NASA Mission Produces First Color Image of Pluto [Video]


NASA mission New Horizons snapped its first color image of Pluto, as well as Charon, its largest moon, on April 9. The photo, NASA’S first close-up ever of this world, was captured around 71 million miles away from its surface,  and reveals wondrous insights about the planet itself, and its moon. Because Neptune, Mars, and Venus received close-ups decades ago, several studies about these bodies of mass have been performed, however, up until now, not much has been known about Pluto.

Pluto has had a unique history of its own in the world of science and space exploration. In its early days, the solar system was known to contain nine planets orbiting the sun, which scientists split up into two categories. Terrestrial planets, characterized by rocky terrain, included planets Mercury to Mars. Jupiter, Saturn, Uranus, and Neptune were made up of different compositions, largely gasses. Pluto, though lumped with the latter class of planets, has always had a different character altogether apart from the other massive worlds. Thus, the tiny and cold planet seemed to be in somewhat of a limbo all the way at its far corner of the solar system.

Over the years, more knowledge about Pluto was collected with scientists discovering that the planet had many similarities to the Kuiper Belt, an array of bodies of ice existing past Neptune. Because of its different character and its small size, it was removed from the category of planet, making the solar system eight worlds instead of nine, and placed it into its own category of ‘dwarf planet.’ Its new status somewhat marginalized its significance in effect, however, now NASA is discovering that there is more to the dwarf planet than its size reveals.

For example, for years, Mars was known as the red planet, however the color images produced by NASA’s mission, revealed for the first time that Pluto has a tint even redder than Mars. The planet shines more brightly than its moon, Charon, which is about half the size of Pluto, making it the largest moon in proportion to its respective planet. Adding to the uniqueness of this planet-moon relationship is the fact that, unlike other planets where the moon or moons orbit around their respective planetary bodies, Charon and Pluto seem to orbit around a central body of mass, making them appear more as sister-planets. Charon, in addition, has its own atmosphere. Based on these characteristics, it’s been suggested that Charon may have been the product of a collision between Pluto and other Kuiper Belt objects in turn creating its other four moons as well, Hydra, Kerberos, Nix, and Styx.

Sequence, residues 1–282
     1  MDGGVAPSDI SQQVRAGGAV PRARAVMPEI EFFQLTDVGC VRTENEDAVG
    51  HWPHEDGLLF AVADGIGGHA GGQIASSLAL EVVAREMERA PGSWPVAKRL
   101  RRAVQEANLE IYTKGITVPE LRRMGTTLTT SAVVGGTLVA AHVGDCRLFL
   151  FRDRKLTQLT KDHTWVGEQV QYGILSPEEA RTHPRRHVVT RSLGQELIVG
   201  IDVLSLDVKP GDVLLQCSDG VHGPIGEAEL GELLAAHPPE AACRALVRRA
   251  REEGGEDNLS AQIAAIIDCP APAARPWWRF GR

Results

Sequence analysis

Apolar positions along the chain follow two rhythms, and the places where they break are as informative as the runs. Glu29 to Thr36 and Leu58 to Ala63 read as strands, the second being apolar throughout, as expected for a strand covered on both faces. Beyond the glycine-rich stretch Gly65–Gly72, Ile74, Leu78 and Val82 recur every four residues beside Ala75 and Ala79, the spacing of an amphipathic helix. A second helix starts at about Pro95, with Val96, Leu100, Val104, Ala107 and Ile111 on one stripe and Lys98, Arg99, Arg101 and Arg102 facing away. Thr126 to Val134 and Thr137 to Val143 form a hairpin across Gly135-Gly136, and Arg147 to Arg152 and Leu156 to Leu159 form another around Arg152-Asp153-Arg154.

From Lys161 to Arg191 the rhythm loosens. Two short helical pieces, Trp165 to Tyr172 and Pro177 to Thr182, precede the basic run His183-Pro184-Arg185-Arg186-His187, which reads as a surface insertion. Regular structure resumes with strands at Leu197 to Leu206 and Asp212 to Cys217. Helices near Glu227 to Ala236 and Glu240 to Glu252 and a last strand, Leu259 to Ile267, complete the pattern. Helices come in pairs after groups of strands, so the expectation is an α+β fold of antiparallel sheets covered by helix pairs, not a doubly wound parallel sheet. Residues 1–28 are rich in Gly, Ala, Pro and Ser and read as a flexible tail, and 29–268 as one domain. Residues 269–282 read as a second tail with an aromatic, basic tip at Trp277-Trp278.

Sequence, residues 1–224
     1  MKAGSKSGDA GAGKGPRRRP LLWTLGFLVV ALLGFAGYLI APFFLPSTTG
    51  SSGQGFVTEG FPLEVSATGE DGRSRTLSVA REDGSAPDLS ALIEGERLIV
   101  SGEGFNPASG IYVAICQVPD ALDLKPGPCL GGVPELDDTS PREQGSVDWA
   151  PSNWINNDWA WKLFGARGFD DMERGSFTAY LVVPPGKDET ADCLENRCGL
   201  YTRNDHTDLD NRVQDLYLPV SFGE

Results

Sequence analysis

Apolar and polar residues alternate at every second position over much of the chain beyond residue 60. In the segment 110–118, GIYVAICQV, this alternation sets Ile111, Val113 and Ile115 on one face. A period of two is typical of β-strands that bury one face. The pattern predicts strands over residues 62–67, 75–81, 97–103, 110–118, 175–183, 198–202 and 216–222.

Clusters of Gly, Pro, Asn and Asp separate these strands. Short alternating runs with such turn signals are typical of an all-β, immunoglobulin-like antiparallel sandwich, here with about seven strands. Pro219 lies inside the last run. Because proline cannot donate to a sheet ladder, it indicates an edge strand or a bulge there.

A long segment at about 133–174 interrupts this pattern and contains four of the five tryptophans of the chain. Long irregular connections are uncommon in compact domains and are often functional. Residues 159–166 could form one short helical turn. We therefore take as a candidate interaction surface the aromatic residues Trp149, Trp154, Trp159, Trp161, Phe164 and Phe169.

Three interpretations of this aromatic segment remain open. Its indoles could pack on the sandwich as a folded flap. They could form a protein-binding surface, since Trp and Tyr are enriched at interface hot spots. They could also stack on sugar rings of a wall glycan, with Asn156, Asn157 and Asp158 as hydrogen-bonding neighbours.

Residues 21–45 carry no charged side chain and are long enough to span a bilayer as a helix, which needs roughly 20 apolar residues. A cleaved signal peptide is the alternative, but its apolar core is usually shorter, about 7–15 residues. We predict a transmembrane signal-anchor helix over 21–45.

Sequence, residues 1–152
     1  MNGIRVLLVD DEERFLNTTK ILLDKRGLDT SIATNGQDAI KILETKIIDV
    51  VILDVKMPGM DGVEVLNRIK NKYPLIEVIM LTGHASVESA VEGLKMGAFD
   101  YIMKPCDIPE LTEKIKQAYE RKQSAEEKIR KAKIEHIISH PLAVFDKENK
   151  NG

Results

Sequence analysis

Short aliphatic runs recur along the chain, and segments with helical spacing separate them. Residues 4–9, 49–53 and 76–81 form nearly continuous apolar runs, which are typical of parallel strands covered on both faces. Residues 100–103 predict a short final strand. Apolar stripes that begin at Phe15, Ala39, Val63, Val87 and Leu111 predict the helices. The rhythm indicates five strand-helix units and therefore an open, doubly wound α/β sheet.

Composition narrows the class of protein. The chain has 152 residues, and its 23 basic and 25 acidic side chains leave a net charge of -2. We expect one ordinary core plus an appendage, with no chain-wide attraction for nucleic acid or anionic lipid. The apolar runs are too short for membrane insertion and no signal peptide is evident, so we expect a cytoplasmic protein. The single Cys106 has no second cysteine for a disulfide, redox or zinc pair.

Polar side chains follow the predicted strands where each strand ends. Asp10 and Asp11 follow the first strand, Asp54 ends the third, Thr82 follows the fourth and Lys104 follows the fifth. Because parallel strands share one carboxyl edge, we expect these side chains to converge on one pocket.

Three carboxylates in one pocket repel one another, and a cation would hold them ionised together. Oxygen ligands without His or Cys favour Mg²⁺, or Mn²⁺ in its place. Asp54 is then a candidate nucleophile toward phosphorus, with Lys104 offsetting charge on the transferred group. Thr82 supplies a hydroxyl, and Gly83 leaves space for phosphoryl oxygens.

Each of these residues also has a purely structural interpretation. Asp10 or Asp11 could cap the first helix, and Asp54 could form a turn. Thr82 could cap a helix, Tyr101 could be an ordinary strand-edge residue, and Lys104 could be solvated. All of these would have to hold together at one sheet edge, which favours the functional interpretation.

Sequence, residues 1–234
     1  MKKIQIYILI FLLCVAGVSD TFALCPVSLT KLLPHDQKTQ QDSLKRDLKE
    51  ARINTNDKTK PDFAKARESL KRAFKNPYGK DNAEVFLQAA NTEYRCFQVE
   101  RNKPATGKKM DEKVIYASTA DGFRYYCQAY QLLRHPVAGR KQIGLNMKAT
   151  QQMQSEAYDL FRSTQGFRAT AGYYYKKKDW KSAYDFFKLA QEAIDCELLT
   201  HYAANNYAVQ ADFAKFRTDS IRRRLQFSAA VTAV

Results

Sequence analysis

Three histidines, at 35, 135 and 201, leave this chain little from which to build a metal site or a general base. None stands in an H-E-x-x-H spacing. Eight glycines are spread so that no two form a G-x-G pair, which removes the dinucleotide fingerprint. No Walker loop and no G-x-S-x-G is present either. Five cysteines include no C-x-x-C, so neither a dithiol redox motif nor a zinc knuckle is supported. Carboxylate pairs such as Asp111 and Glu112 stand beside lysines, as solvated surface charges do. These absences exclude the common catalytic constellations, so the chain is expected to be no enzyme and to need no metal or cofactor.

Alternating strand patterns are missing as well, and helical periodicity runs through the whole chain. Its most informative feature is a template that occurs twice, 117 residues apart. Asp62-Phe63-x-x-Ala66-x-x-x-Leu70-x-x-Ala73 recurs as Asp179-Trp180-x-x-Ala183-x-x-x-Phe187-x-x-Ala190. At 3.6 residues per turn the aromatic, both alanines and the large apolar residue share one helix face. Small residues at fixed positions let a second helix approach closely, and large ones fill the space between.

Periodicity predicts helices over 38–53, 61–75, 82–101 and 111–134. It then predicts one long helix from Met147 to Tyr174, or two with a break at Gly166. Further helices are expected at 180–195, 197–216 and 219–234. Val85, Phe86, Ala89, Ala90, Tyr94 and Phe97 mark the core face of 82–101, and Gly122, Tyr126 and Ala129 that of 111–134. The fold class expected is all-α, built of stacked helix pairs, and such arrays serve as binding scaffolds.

Though the first color images produced by the NASA mission have revealed so much new information, this is only the beginning as New Horizons is getting ready to make its first flight to the Pluto system on July 14. It has so far been traveling for over nine years, covering over 3 billion miles in its journey and making it the longest period of space travel in history. When the NASA mission arrives at its destination, bringing cameras, dust detectors, plasma detectors, and other scientific equipment, more information about Pluto’s topography will be disseminated, including what comprises its atmosphere, its terrain, and if there are even more worlds beyond what was thought to be the ninth planet.

By Bill Ades

The Christian Science Monitor (1)
The Christian Science Monitor (2)
Belfast Telegraph
News Maine
Photo by Bill Lile cropped for size- Flickr License

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